Were you at all surprised by the degree of mainstream media support that you did get, from the Society of Professional Journalists and various editorials?
We don't often look at things from this perspective, but journalists are actually the rank and file of the news business. It is not the mainstream journalists who have waged war on the free flow of information, it is their employers. The corporate media may be nothing more than a tool to reinforce the status quo, but that does not mean that the journalists themselves primary motivations are their company's bottom line. I think my case and the support I received from the journalist organizations and the reporters themselves demonstrates that there is some level of solidarity amongst the professional community. Many journalists get that an injustice to one is an injustice to all and although there was little mainstream press coverage of my case, journalists as a whole did express their support for my fight in a variety of ways.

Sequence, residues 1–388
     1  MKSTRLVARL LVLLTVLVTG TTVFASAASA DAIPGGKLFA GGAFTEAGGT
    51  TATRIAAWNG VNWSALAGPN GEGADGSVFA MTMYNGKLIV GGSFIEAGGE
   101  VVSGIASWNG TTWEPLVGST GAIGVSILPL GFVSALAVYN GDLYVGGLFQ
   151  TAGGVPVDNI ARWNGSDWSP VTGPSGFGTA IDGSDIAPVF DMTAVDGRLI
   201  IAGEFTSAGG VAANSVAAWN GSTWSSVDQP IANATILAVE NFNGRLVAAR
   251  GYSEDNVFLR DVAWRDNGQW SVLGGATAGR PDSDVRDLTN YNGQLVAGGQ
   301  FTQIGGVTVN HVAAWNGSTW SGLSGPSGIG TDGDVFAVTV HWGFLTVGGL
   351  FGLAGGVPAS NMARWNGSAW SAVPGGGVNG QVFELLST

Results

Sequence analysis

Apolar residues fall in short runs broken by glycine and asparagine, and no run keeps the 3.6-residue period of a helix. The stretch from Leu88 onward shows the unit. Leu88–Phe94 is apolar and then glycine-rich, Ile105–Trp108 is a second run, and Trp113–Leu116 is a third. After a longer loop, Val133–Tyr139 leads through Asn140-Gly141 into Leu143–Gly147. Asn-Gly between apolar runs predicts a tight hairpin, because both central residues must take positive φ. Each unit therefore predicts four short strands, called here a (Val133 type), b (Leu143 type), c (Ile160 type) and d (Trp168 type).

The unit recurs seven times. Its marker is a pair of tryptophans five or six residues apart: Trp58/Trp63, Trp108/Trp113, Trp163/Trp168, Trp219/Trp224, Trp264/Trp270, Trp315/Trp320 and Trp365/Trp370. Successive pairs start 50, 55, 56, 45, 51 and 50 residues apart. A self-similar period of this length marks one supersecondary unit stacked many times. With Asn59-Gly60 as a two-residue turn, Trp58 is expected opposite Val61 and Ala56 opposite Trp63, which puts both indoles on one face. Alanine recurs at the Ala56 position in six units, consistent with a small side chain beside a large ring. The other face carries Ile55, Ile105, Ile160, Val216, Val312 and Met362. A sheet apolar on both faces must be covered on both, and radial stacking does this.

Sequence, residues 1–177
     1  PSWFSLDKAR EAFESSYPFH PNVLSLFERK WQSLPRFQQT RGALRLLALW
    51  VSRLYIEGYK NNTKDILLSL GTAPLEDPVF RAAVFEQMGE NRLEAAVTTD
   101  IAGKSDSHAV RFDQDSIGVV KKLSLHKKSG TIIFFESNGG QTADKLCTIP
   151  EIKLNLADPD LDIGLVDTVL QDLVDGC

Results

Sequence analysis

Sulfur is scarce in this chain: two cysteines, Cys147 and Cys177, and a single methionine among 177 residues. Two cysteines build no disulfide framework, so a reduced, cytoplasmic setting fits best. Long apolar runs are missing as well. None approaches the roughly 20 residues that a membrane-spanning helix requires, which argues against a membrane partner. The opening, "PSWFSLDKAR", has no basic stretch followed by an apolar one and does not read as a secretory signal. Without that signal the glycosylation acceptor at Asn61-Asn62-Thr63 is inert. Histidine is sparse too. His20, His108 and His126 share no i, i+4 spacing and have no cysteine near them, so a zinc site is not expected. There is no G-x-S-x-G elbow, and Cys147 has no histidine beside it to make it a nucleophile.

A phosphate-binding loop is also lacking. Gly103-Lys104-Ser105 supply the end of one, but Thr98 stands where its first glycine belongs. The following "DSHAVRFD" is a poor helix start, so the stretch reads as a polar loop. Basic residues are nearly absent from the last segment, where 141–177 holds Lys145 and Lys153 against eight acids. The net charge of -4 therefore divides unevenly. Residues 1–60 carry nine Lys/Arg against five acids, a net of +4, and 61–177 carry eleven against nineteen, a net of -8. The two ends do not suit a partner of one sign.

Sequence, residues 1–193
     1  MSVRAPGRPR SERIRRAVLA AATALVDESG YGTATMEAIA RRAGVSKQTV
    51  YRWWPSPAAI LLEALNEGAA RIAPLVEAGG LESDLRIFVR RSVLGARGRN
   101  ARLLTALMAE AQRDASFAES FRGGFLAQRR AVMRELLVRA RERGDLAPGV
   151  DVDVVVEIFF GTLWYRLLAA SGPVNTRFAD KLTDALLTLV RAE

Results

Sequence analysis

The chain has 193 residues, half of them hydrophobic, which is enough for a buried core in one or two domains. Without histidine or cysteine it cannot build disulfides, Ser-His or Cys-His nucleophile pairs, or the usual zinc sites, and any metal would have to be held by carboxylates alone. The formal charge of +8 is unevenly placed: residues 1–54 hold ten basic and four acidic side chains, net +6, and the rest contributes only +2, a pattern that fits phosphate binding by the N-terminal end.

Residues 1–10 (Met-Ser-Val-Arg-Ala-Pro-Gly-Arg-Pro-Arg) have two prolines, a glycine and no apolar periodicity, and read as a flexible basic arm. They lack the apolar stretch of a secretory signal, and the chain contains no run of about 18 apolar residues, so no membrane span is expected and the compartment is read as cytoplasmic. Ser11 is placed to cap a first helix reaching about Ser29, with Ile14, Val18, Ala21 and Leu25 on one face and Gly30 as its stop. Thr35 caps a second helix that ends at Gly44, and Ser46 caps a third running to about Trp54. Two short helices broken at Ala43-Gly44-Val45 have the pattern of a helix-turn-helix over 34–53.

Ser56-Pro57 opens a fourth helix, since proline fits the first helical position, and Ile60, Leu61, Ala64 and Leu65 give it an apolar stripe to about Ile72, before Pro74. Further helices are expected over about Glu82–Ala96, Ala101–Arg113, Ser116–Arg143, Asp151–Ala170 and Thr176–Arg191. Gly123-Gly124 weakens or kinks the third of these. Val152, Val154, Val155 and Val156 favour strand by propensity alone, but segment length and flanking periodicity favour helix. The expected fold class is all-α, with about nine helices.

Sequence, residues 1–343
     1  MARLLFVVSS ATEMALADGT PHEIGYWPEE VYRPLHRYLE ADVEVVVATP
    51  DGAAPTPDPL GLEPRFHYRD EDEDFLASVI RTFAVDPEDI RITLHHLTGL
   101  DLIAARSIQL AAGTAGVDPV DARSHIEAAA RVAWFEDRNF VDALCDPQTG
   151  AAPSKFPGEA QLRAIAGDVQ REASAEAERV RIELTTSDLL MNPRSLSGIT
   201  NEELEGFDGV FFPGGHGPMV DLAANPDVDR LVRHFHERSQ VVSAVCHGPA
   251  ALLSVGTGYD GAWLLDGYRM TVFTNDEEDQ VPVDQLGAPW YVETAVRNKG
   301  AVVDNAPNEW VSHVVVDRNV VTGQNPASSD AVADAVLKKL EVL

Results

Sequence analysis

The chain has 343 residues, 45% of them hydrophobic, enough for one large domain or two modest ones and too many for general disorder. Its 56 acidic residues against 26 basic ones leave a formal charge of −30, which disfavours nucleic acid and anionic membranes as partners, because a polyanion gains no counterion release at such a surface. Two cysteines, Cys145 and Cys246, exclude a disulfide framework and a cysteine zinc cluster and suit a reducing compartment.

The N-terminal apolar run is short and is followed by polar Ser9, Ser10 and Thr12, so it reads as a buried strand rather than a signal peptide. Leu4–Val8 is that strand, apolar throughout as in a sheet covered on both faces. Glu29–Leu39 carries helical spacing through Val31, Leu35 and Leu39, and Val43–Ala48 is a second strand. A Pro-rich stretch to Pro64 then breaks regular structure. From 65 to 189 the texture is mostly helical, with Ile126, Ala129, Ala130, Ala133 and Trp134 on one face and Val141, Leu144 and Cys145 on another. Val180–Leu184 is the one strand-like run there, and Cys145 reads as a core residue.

Have you "expanded the floor of the cage" for independent journalists?
I don't know what you mean by this question; I think that I've made people seriously think about the role of independent journalists in the marketplace of ideas. I hope that my case helps make people realize that we, as an alternative to the corporate press, provide a segment of information which is often overlooked by the commercial media. When covered by the mainstream press, these stories are almost always skewed towards the status quo and I think that alternative reporting fills in some of these gaps left gaping after years of media consolidation and profit-driven decision making by our news media.